Jennifer and Naseem, both residents of Ontario, were married on June 1, 2014. They had known each other for about a year before getting married and moving in together. In August 2014, while working on Naseem’s computer, Jennifer discovered some old photos and correspondences that suggested that seven years earlier Naseem had been a man named Naim. Jennifer felt betrayed and numb. She had no idea about any of this and was at a loss for what to do. After some time had passed and she discussed matters with her family, she found herself getting angrier about Naseem’s deception and being misled in such a fundamental way. She knew she wanted out of the marriage, so she moved out of their home on August 20, 2015 and decided to seek legal advice.
Naseem was initially embarrassed by her lie. She cared deeply for Jennifer and falling in love with her was the best thing that had happened to her. She had thought about telling Jennifer of her sex reassignment surgeries and previous life, but was worried about her reaction. Naseem had already lost the support of her family and some friends. Initially, Naseem tried to appease Jennifer and convince her that this new information did not change anything about what they shared. Increasingly though, as Naseem was confronted with Jennifer’s highly offensive and transphobic attitude, she too wanted out of the marriage.
Jennifer’s lawyer suggested to her that the marriage could be annulled. Naseem was keen to have the marriage recognized as valid, but wanted a divorce.
There are no children of the marriage. There are no issues of support or property division to be dealt with and the parties did not enter into any domestic contract.
Write a two-page submission to the Superior Court of Fauteux regarding Jennifer v Naseem arguing why the marriage should be found valid or not. You can choose the side you wish to argue. You may work in groups for the research, but the writing should be your own.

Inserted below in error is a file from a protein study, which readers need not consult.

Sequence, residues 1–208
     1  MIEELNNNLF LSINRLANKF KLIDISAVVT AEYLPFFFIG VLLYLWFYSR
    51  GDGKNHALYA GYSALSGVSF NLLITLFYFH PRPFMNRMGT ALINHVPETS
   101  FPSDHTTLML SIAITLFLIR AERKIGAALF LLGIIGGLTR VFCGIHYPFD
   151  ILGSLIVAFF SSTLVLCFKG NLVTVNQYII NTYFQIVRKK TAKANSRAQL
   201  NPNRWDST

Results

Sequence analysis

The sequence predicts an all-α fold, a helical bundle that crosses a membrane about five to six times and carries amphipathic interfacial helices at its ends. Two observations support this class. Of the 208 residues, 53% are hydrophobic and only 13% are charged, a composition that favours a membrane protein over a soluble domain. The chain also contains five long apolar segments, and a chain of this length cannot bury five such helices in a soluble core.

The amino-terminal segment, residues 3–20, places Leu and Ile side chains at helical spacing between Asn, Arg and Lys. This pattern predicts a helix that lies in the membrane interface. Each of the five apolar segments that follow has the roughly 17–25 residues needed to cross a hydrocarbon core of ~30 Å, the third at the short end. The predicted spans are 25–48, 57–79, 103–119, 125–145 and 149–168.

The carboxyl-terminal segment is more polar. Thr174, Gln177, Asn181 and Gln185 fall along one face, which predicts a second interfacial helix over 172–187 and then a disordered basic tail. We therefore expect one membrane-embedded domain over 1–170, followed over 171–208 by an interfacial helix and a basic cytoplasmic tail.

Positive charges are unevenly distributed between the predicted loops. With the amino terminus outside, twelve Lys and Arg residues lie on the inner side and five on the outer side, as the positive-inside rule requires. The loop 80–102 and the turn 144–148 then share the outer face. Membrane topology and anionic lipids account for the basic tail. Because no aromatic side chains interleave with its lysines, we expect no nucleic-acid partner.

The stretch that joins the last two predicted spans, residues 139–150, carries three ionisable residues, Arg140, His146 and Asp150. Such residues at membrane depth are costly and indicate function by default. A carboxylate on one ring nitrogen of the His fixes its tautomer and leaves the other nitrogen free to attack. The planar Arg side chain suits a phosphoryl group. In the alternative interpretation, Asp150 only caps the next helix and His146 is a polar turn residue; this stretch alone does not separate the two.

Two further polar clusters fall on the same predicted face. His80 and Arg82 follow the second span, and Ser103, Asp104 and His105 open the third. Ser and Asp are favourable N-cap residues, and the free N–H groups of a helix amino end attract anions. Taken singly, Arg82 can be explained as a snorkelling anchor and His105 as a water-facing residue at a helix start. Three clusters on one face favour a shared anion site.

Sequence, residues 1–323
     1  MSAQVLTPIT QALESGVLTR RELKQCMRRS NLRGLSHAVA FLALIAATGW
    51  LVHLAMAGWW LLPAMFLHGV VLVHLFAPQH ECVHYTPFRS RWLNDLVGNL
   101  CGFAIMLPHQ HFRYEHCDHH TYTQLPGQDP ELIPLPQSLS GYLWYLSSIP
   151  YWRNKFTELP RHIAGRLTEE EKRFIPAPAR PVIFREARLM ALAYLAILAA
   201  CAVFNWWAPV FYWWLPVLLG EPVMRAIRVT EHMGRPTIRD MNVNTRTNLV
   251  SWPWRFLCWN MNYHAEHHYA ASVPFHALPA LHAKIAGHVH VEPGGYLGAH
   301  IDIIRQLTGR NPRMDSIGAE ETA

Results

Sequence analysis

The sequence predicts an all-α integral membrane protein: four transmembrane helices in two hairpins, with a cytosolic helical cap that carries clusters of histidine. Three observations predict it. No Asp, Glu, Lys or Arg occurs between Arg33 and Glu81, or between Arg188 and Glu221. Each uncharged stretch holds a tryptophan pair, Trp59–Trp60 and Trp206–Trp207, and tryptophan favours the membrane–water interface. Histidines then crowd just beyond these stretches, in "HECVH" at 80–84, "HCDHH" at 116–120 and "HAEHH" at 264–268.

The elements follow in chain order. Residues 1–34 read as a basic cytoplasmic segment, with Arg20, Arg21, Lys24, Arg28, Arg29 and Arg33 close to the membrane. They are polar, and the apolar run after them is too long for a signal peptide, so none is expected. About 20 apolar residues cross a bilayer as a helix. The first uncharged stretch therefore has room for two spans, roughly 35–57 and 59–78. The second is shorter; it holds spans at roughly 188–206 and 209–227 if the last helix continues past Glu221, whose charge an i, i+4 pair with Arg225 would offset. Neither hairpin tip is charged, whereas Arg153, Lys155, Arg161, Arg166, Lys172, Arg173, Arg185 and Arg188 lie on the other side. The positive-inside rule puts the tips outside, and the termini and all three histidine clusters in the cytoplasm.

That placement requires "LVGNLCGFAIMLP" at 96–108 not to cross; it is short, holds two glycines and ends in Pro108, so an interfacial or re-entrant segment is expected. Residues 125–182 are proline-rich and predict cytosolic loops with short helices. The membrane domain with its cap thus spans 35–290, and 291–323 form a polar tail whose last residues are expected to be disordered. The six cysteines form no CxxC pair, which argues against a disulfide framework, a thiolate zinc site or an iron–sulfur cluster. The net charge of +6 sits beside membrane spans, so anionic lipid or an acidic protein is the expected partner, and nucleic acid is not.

This is due on: Friday September 28th by 4pm. Submissions should be emailed to Vanessa.Gruben@uottawa.ca.
You may also be asked to prepare a 3-minute oral submission based on your written arguments where you should be prepared to answer judges’ questions. The date of the oral arguments will be determined shortly. You will be contacted by email regarding the oral submission.
TRY-OUTS FOR WALSH Negotiation Competition: BLG Negotiation Competition (2018-2019)
BLG NEGOTIATION COMPETITION - Saturday, November 10th
Upper year students are invited to register for the BLG Negotiation Competition in Family Law to be held on Saturday, November 10th.
This event is organized by Professor Rockman and sponsored by a leading national law firm, Borden Ladner Gervais LLP.
You are eligible to register if you have taken, or are enrolled in this academic year, in any of: Negotiation CML3315; Mediation Theory and Practice CML2320; Introduction to Family Law CML2305; Intro. Droit de la Famille CML2705; Dispute Resolution in Family Law CML3391 or otherwise, with the permission of Professor Rockman.
To register, students must provide the following to Professor Rockman by email at Lynn.Rockman@uottawa.ca by no later than 6 pm on October 3rd:
1. Cover letter;
2. Résumé; and
3. Law school transcripts.
Most students will compete in pairs however, depending on numbers and schedule changes, some students will compete individually. Winners are selected individually.
Prior to the competition, students will receive an email from Professor Rockman providing the fact pattern and partner’s name, if any. Students may request a particular partner and every effort will be made to accommodate the request.
The five winners of the BLG Negotiation Competition will represent our school at the national negotiation competition in family law held in Toronto on March 9, 2019 ("Walsh Family Law Negotiation Competition”) and are required to register for the three-credit, winter term course CML 3119C.
Please note: The "Walsh Family Law Negotiation Competition" is a separate course/event from the "Walsh Moot" which is coached by Professor Gruben.
For more information, contact Professor Rockman.
The deadline to register for the Arnup Cup try out is September 26, 2018 at 4:00 p.m. Please consult the following documents for additional information on the try out. Questions might be addressed to Tony Paciocco.
- The Instructions for the Arnup Try out (4 pages)
- The Try Out Problem itself, TAB A (12 pages)
- A Sample Closing Address to the Jury by the Crown, TAB B (11 pages)
- A Sample Closing Address to the Jury by the Defence, TAB C (13 pages)
Tryouts for Family law moots, Arnup, Aboriginal law, WTO and ICC international criminal law moots will take place separately. Look out for this information in your inbox and Dictum.
For the WTO/ELSA moot, please first send an email of interest to Kevin.Gray@international.gc.ca to arrange a tryout spot.